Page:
TORONTO – An international team of scientists reported on Friday the discovery of an ochre mine that was developed by human beings at least 10,000 years ago in a now-submerged cave system, a find in Mexico’s Yucatan Peninsula that provides the oldest evidence of that type of activity in the Americas.
An expert at one of the institutions involved in the project said the investigations have opened the door to a better understanding of the lives of the first inhabitants of a region that today is southern Mexico.
“It’s among these great discoveries that have been made in recent decades,” said Dr. Roberto Junco, deputy director of underwater archaeology at Mexico’s National Institute of Anthropology and History.
The researchers, who published their findings Friday in the journal Science Advances, said the subterranean ochre mine of Paleoindian age was discovered by divers Fred Devos and Sam Meacham of the Quintana Roo Aquifer System Research Center (Cindaq).
They said it provides “compelling evidence” for mining in three cave systems – Camilo Mina, Monkey Dust and Sagitario (including a section called La Mina) – over a period of around 2,000 years more than 10,000 years ago.
“From the evidence we have so far, this activity appears to have ceased by around 10,000 cal BP (calendar years before the present), at least in La Mina, Camilo Mina, and Monkey Dust, well before rising sea levels submerged the ochre deposits,” the research article said.
But the most significant aspect of the find, according to Junco and Brandi MacDonald, an archaeologist and professor at the University of Missouri in Columbia who analyzed samples from the caves, is the link established between ancient prospecting for the pigment mineral red ochre, whose uses include rock art, body decoration and animal hide tanning, and Naia.
They were referring to the remains of a young woman that were found 600 meters (1,970 feet) inside a tunnel system in Hoyo Negro, date back between 12,000 and 13,000 years and are the oldest complete skeleton to be found in the Yucatan.
“The possibilities generated by (the discovery of) ochre mining in such an early period are incredible. There are multiple hypotheses, but I like to think about the possibility of Naia painting on the wall of some cave or Naia decorating her face with colored symbols,” Junco said.
“This possibility of generating art, symbolism, opens a very interesting door in the study of prehistory in Mexico and the Americas. These mines are something truly sensational. The oldest that are known to date in the Americas,” the Mexican scientist said.
The research paper said the reasons why people persisted in their underground exploration of these places have been largely unknown.
“Previous suggestions have included temporary shelter, access to fresh water, ritual or intentional burial of human remains, although none are firmly substantiated by available archaeological evidence. Here, we present uniquely preserved evidence indicating that people were exploring underground cave systems to prospect and mine red ochre, an iron oxide earth mineral pigment used widely by North America’s earliest inhabitants,” the paper said.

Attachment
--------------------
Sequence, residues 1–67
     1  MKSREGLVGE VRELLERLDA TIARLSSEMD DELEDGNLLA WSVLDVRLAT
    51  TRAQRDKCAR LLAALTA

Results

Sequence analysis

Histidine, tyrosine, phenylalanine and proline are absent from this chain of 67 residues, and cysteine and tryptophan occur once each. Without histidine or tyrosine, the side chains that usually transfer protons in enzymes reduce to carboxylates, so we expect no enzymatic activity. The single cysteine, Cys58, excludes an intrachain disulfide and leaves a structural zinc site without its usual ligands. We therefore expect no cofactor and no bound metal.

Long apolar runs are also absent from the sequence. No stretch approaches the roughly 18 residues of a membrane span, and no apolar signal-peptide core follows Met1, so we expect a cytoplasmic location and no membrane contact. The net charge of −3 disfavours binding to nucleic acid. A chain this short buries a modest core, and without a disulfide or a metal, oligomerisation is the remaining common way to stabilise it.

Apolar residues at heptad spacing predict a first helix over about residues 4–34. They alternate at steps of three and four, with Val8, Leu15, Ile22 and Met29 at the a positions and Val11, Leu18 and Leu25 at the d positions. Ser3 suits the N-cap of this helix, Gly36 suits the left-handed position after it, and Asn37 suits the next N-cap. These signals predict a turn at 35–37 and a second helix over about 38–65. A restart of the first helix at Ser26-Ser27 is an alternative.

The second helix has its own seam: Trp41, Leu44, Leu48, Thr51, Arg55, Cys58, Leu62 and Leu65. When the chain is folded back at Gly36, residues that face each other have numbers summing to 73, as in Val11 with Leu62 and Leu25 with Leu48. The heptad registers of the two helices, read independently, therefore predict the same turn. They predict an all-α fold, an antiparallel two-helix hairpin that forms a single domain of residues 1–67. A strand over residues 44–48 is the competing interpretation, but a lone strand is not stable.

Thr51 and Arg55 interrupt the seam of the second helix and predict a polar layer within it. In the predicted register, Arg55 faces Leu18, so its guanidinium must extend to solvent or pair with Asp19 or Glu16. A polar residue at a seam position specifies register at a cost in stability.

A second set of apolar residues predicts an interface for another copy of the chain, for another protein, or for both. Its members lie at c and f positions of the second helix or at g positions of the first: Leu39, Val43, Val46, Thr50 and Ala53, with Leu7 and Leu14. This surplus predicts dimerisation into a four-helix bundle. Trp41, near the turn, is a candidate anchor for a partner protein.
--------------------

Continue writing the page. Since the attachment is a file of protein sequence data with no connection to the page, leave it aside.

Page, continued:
MacDonald, a leading world expert on ochre, a pigment that has fascinated human beings for thousands of years, echoed Junco’s remarks on the possibilities opened up by the discovery reported on Friday.
She said the mines were extremely well preserved and give researchers a glimpse into the mental process of the inhabitants of the Yucatan 10,000 years ago.
Devos, Meacham and other divers from Cindaq took more than 20,000 photos and hours of 360-degree video starting with an initial dive in 2017. A three-dimensional model made from those images with the help of a supercomputer at a US university is now allowing researchers to study the find without having to dive the caves themselves.
In an interview with EFE, Devos said it was an emotional moment when he realized that human beings had walked in those caves 10,000 years ago.
“It’s a cave that had been explored before, but in 2017 they asked me to make a map, which is one of my specialties. During the process, I discovered a tunnel in a wall and upon going through we arrived at a restriction about 70 centimeters (28 inches) wide,” he said.
“But since during the (dive) we had seen strange things, rocks piled up one on top of the other, broken stalactites, we thought someone had been there before, which was impossible. That made us want to keep going. Although it wasn’t easy to get through the restriction, we managed to do so with the whole team,” Devos added.
“On the other side, we started to directly see changes in the cave clearly made by humans. It was the most memorable dive I’ve done in my almost 30-year career,” he said.
MacDonald said the ochre samples the divers extracted were basically ready-to-use paint and that its outstanding quality probably explains why it was so highly valued and people embarked on risky subterranean excursions to mine it.